The most common thing on productivity advice channels on YouTube is being consistent and doing the same thing every day. But what this does not take into account is the many ways that the ability to be productive every day is affected by physical health conditions and mental health struggles, family problems, lack of sleep, hormonal cycles, and many other things.
One of the most crucial factors affecting the productivity level of people is hormone cycles. If you have pretty consistent hormonal activity day to day, it is a lot easier to achieve a consistent daily schedule of productivity than if you have a monthly menstrual cycle or some form of hormonal variation. The effect of hormones on your everyday productivity level is really, really important whether you menstruate or not because we're all hormonal, and the only difference is just that our hormones function in different ways than others. Moreover, even if you don’t menstruate you might know people who menstruate, and the more that we can understand how we operate, the more compassion we can have for ourselves and for the people around us. So if you don't understand how your hormones function, you might beat yourself up for not being productive and motivated all the time when your body just isn't set up to function that way.
In a recent conversation with my female friends, we were talking about how it's so frustrating that a lot of the many productivity gurus we follow are cis men. In many cases the tips and advice they provide are great - I genuinely do enjoy their content - but sometimes it's hard to relate to. How can we keep up with that same productive daily schedule on a day when we might be feeling physical pain, unmotivated, exhausted, or just craving solitude and rest?
This is where the book Period Power: Harness Your Hormones and Get Your Cycle Working For You by Maisie Hill comes in. Ninety percent of women experience symptoms of PMS, a syndrome that features a wide range of signs and symptoms and yet there’s a persistent lack of understanding about what it actually is and a disappointingly meagre range of treatment options. Period Power is a profound but practical blueprint for aligning daily life with the menstrual cycle, to give women a no-nonsense explanation of what in the world happens to their hormones every month and how they can use each phase to its full advantage. It sets a baseline for knowledge that's often ignored, particularly around hormones and irregular period cycles.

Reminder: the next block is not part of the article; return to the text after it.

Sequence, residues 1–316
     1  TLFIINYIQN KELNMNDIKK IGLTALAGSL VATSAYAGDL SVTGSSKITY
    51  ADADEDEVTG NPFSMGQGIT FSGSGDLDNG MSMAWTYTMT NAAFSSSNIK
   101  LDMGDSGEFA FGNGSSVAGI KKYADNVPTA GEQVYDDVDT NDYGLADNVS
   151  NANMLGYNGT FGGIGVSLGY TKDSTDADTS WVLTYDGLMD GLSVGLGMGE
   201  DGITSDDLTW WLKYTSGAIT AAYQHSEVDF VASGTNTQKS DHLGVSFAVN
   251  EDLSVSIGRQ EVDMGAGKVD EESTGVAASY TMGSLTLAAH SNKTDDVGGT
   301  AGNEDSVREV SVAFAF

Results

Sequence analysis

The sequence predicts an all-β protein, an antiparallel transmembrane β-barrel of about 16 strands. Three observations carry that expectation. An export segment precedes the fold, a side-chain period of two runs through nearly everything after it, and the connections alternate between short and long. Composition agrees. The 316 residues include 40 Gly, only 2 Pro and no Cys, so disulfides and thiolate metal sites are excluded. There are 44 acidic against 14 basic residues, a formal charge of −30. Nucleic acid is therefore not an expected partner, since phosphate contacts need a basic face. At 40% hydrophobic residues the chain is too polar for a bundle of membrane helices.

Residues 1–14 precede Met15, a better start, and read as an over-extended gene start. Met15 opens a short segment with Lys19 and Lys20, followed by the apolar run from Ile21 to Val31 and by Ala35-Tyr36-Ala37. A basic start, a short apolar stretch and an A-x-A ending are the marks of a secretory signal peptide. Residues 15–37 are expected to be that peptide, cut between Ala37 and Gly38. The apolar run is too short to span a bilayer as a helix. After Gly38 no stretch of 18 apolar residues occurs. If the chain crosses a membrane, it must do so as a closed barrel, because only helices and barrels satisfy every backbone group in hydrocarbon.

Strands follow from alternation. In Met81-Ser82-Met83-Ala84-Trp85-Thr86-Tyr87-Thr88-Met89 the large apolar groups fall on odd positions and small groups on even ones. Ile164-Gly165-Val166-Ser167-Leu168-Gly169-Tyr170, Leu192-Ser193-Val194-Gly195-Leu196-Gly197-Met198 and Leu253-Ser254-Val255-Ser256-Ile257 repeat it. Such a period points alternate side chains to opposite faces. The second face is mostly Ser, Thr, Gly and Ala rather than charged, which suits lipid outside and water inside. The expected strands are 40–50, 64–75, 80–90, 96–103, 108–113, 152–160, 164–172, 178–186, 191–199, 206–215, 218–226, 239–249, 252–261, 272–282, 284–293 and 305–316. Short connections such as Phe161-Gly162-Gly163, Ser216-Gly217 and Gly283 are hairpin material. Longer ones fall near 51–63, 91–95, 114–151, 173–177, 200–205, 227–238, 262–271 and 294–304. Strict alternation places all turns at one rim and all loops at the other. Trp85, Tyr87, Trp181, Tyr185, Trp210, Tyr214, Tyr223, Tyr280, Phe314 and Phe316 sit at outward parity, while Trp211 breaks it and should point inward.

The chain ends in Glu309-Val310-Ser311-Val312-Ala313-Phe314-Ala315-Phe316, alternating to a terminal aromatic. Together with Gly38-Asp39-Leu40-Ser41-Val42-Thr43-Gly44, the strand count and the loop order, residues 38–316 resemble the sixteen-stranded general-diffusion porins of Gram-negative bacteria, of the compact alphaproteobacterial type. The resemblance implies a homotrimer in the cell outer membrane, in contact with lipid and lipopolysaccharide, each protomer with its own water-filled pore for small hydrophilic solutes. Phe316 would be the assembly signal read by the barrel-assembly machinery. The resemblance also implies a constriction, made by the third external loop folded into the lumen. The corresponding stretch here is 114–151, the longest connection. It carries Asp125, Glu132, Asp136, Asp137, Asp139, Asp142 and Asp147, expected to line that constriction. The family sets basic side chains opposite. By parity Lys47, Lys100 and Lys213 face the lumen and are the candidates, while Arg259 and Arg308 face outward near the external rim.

Let’s talk a bit about how these cycles work. Testosterone peaks in the morning for everyone regardless of sex but different people will produce different amounts of it. So in the morning, when it peaks, it makes you really energetic, and then in the afternoon, it mellows out, but not too much so it's a good time for productivity. And then, finally, it dips into the evening which is a good time for relaxing. For those who have a monthly menstrual cycle or receive hormone replacement therapy (who also experience similar symptoms every month), there's a similar pattern but it's stretched out over a month. There’s this quote from The Male Hormone Cycle Explained (and what it means for AFAB folk) that goes, “Western society has been constructed on this 24-hour cycle men experience; particularly when it comes to the work week.” So the typical workday in our culture is where you get the really difficult stuff done in the morning and tie up some loose ends in the afternoon and then you go home in the evening. The monthly cycle however doesn't really match up with that, but there is a quote by Sally, a holistic nutritionist and life coach specializing in hormone health, that says, “We can get all we need to get done as a (person who has periods) but we have to stop trying to cram it into 24 hours or a week- we were built to schedule our lives in a monthly rhythm- just like the moon. Hearing all this might sound like having a menstrual cycle sucks but if you understand how this monthly cycle works, you can actually kind of start to sync your life to it, and then it starts to suck a little bit less and maybe even becomes a tool that you can use. And this is called cycle sinking. Pretty much any area of your life can be synced to your cycle, be it how you eat, how you exercise, socialize, get work done, get more sleep, or when you do your monthly planning, etc.”